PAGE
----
“There’s a synergy where this is everything I am,” she adds. “Literally every element of me as a person kind of feels like it's encapsulated in digital fashion.”
Making time to keep up This Outfit Does Not Exist around her demanding schedule hasn’t been easy, and Loftus admits she’s been slacking on that front. She “should do a post every two weeks,” she says, but when you’re running a business, it’s not exactly top of mind to “put on makeup and go pose on the street.”
Still, she manages to post when she can. The digital fashion she wears on her Instagram account and website comes from emerging virtual designers like Tribute Brand, Xtended Identity and Replicant, and it appears on her body in one of two ways. Either she sends a photo of her posing to the brand, who uses something along the lines of Photoshop to put the outfit on her in the photo, or an AR filter dresses her in the “clothes” while she poses in real time, via products by Snap and Zero10.
Both the Substack and Draup work towards Loftus’s ultimate goal, which is to make fashion less gatekept by both price and physical appearance. “It’s so snobby,” she says, “like if you’re not this size … we shouldn’t engage.”
Digital fashion has the potential to break down both of those boundaries. Many of her fellow Red DAO members, for instance, “don’t know anything about fashion” and never bought into it in the physical realm, she says, but they’re all about its digital counterpart. “I really love that because that’s what digital fashion is about,” she adds. “It's about tapping an entirely new type of consumer.”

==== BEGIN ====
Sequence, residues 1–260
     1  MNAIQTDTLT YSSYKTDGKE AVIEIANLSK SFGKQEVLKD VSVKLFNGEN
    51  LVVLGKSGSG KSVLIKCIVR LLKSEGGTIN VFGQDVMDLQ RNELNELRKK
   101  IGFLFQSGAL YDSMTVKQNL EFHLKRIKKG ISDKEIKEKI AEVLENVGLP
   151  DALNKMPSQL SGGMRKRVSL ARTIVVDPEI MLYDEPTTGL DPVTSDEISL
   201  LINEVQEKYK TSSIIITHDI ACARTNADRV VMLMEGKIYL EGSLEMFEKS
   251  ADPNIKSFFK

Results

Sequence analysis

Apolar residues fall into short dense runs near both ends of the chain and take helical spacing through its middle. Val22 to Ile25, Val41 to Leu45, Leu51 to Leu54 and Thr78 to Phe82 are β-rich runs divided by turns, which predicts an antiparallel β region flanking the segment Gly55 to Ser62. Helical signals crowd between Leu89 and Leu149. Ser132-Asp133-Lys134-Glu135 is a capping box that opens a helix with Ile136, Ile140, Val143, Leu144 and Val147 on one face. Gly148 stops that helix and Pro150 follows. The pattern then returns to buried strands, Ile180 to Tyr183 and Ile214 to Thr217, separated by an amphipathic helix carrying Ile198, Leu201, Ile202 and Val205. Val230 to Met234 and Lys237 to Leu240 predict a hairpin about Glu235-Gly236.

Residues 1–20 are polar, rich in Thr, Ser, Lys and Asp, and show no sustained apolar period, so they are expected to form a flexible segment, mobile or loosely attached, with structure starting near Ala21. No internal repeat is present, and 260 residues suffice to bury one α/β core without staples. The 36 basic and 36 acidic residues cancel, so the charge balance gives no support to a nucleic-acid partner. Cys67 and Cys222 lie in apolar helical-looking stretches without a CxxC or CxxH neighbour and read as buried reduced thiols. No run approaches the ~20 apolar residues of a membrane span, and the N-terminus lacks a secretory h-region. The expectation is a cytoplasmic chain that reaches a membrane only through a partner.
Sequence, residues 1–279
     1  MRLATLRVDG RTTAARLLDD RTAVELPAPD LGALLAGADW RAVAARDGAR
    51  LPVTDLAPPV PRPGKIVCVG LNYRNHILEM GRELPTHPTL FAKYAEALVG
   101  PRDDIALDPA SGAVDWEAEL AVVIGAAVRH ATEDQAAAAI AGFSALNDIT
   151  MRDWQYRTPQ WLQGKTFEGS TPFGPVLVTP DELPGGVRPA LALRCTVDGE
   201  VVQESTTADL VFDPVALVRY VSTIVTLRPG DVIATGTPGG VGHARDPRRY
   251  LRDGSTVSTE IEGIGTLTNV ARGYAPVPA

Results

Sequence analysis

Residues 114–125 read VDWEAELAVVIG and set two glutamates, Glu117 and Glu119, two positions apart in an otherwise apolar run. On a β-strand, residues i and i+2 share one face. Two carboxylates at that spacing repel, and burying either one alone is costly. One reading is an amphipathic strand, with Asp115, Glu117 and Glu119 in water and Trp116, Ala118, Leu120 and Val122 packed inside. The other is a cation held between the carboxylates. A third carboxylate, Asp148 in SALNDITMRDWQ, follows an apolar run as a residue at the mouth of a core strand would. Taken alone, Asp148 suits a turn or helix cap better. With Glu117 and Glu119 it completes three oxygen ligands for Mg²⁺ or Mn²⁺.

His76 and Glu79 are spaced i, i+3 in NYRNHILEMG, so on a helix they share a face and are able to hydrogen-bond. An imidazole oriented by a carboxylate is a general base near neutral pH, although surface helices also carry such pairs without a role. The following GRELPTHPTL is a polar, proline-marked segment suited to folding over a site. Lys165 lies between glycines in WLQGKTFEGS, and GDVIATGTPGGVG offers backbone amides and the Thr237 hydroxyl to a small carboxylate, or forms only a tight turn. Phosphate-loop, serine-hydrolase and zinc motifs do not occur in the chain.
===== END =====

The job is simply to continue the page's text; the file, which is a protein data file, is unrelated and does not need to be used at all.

Over the next several months, Loftus will travel all over the world to accomplish that goal, spreading the word by speaking in London, attending the Dolce & Gabbana show in Sicily and a “digital fashion dinner” in Milan, then heading to ETH CC in Paris, all while trying to find a chief technology officer to help realize Draup’s vision for the future of fashion.
“Fashion is just how you want to express yourself. That's it,” Loftus says. “And that's what's so fun about the digital world, because those [choices] can be so much more boundless.”
It may be a bear market, but there are still plenty of jobs to be had at crypto companies.
Meet the pioneers who work at decentralized autonomous organizations.
Crypto can make it faster and cheaper to pay workers.
By adopting a more open, fluid model, traditional firms would find it easier to attract talent and end up with a more passionate, engaged workforce.
The leader in news and information on cryptocurrency, digital assets and the future of money, CoinDesk is a media outlet that strives for the highest journalistic standards and abides by a strict set of editorial policies. CoinDesk is an independent operating subsidiary of Digital Currency Group, which invests in cryptocurrencies and blockchain startups. As part of their compensation, certain CoinDesk employees, including editorial employees, may receive exposure to DCG equity in the form of stock appreciation rights, which vest over a multi-year period. CoinDesk journalists are not allowed to purchase stock outright in DCG.